Kenya forced to borrow $750 million to repay loans from four banks

Nairobi opted for expensive loan to avoid bad reputation.

Kenya’s Treasury Cabinet Secretary Henry Rotich on his way to parliament to present the 2017/2018 budget in March. Mr Rotich had indicated that the loan will be repaid by funds from another Eurobond. PHOTO FILE | NATION 

IN SUMMARY

  • Sources said the loan came about as four lenders of a $800 million syndicated loan frowned at Treasury’s request for an extension to April this year to settle the debt.
  • Kenya had secured the two-year loan that came with an option of six months extension from Citigroup, Standard Bank, First Rand Merchant Bank and Standard Chartered in October 2015.
  • The bridging loan, however, has failed to pacify creditors who see the recourse to a development loan and opting out of an earmarked Eurobond issue as a red flag that the government is struggling to meet its short term obligations.

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Kenya has been forced to borrow $750 million to assuage fears by lenders about the country’s ability to service its mounting debt.

The loan from the Trade and Development Bank — formerly PTA Bank — is reflected in the latest Quarterly Economic and Budgetary Review for the period ending September 30, 2017, which was released in November.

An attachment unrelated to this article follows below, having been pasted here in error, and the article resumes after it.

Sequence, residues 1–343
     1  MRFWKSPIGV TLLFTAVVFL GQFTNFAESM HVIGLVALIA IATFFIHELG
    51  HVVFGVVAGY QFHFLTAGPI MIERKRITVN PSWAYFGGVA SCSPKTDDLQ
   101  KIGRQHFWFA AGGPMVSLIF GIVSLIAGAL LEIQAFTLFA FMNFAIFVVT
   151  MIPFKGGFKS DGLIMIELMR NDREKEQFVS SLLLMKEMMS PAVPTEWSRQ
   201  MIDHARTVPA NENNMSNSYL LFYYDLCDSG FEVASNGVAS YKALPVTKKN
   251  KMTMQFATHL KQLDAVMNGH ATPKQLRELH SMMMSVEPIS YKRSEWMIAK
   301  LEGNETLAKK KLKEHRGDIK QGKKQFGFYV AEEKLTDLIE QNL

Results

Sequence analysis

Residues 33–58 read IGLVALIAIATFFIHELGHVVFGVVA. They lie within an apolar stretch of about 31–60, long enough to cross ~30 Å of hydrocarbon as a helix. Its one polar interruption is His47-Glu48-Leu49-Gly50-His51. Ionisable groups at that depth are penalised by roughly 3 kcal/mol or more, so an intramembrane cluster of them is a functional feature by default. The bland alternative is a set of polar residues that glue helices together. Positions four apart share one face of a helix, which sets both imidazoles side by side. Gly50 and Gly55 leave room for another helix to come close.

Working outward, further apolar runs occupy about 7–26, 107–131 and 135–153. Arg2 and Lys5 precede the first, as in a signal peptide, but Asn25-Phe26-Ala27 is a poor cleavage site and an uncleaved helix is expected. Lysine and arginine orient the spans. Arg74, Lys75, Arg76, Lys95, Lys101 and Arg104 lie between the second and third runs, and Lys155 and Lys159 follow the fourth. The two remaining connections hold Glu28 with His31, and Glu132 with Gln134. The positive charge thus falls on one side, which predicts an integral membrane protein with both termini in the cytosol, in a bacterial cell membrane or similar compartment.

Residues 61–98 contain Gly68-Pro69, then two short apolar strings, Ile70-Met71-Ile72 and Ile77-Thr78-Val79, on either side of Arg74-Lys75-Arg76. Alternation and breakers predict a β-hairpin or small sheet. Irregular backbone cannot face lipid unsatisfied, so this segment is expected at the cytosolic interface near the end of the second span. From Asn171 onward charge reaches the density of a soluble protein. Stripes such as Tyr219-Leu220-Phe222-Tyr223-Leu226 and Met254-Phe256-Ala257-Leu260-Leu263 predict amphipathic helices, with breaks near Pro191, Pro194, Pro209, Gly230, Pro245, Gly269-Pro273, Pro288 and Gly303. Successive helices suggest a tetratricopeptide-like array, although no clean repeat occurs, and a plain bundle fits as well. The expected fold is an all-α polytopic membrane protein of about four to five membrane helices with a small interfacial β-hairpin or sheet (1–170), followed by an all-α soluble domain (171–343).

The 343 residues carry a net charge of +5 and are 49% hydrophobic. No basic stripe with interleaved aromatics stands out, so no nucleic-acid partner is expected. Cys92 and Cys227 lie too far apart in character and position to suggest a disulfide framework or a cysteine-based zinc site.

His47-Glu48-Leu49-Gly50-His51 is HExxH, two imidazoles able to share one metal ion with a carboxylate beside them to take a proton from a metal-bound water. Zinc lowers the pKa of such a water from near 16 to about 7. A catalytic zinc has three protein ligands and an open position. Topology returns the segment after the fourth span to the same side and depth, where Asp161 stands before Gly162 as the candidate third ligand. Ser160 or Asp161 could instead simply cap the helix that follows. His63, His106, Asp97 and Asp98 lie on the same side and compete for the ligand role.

Sources said the loan came about as four lenders of a $800 million syndicated loan frowned at Treasury’s request for an extension to April this year to settle the debt.

The creditors were so anxious of default risk that one of them declined to grant the government a grace period, forcing the Treasury — itself jittery over reputation risks that the rescheduling carried — to take the more expensive contingent debt.

“We drew down $107 million from this amount and used part of it to pay off one of the arrangers who wasn’t comfortable extending the October maturity by six months,” a Treasury official told The EastAfrican.

Before extending the term of the syndicated loan, the government had managed to repay $80 million. Kenya had secured the two-year loan that came with an option of six months extension from Citigroup, Standard Bank, First Rand Merchant Bank and Standard Chartered in October 2015.

The TDB facility has a tenure of eight years and will mature in 2025. It comes with higher servicing costs at 6.7 percentage points above the prevailing six-month London Interbank Offer Rate (Libor).

In contrast, the syndicated loan taken in February last year was priced at 5.7 percentage points above Libor, which is currently at 4.85 per cent.

It means the interest rate on the bridging loan is 11.55 per cent, a percentage point higher than the syndicated loan.

Eurobond

The bridging loan, however, has failed to pacify creditors who see the recourse to a development loan and opting out of an earmarked Eurobond issue as a red flag that the government is struggling to meet its short term obligations.

National Treasury Cabinet Secretary Henry Rotich had for the better part of last year maintained the government would settle the loan through proceeds of a second Eurobond. This would have been the second time Kenya was issuing a Eurobond to repay a loan.

The $2 billion debut Eurobond floated in 2014 settled a $600 million syndicated loan that was maturing in August the same year have made Eurobond not viable.